This is higher ed’s time for choosing. If this is the new purpose of the universities—to nurture a crop of activists trained at whipping up angry mobs, and a generation of college graduates conditioned to submit to those mobs—then there is no longer any purpose served by these institutions. There is certainly no justification for the outrageous claim they are making on the economic resources of the average family, who sends their kids to schools whose tuition has been inflated by decades of government subsidies.
The universities have done this to themselves. They created the whole phenomenon of modern identity politics and Politically Correct rules to limit speech. They have fostered a totalitarian microculture in which conformity to those rules is considered natural and expected. Now that system is starting to eat them alive, from elite universities like Yale, all the way down to, er, less-than-elite ones like Mizzou.
They created this Frankenstein monster, and it’s up to them to kill it before it kills them.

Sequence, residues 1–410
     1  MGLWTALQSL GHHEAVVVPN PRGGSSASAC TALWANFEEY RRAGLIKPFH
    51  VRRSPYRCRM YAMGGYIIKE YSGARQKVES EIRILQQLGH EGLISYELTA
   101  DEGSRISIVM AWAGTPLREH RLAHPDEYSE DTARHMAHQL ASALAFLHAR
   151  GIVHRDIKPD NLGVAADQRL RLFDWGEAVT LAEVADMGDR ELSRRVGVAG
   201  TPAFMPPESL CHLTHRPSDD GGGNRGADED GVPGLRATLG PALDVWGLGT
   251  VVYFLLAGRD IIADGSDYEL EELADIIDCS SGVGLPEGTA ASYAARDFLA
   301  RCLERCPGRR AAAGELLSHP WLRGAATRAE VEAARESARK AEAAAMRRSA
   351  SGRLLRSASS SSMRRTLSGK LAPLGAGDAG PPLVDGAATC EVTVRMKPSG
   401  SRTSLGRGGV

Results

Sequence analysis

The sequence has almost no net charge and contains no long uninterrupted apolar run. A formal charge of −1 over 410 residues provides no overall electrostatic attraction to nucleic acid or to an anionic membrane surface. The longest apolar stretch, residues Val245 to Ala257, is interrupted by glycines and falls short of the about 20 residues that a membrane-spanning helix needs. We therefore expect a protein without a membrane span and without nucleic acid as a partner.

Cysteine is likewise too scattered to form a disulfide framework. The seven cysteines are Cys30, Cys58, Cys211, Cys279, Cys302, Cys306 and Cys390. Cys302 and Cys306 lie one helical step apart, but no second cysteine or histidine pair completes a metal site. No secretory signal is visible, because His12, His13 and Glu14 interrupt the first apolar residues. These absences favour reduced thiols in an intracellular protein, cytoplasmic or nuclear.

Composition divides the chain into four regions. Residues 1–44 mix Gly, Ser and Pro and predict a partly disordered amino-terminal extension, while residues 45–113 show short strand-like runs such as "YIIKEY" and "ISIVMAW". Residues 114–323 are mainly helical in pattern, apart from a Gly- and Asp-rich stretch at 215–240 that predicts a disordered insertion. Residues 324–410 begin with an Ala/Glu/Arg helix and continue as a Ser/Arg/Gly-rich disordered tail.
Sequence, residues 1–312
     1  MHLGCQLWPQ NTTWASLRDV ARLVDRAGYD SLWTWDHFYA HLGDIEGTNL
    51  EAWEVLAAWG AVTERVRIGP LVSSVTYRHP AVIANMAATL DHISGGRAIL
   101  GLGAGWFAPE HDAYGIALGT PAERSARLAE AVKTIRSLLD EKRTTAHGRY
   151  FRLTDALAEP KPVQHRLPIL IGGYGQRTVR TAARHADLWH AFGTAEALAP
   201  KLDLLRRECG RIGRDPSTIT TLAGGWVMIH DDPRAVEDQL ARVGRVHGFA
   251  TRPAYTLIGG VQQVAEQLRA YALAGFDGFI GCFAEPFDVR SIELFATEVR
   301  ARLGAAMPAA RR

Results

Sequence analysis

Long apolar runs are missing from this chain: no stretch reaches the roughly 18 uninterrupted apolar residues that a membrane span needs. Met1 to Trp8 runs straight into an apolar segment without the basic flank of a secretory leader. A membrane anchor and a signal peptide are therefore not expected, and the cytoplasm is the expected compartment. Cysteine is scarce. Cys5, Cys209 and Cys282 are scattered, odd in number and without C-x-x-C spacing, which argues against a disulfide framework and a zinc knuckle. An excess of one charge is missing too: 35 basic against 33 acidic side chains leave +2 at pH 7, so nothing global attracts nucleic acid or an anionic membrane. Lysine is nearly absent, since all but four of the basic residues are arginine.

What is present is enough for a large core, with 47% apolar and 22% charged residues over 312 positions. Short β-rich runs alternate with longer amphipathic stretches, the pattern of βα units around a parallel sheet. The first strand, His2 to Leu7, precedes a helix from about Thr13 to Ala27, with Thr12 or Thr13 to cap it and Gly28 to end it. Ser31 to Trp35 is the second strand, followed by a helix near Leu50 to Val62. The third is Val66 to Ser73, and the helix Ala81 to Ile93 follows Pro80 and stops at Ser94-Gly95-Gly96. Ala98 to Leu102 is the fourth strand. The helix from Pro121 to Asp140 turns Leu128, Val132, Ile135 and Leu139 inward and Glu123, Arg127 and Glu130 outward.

I remember one time talking with another professor about the likely effects of the most recent round of budget cuts. His concern was that with declining state funds, a larger percentage of the university’s income was coming from tuition, and once tuition became a clear majority of the funding the dynamics of the university would be ruined: we would become employees of the students. This seemed like a strange worry to me at the time–shouldn’t we be at the service of our students?–but although the older professor was more liberal than me in the ordinary political ways, he had thought things through from a more properly reactionary perspective than I had. Society is not a social contract; the sovereign’s duty is to his subjects’ good, but he is not under their authority. His master is God. The university is not a business; the faculty’s duty is to our students’ good, but we are not their servants, and they are not our customers. Our master is truth.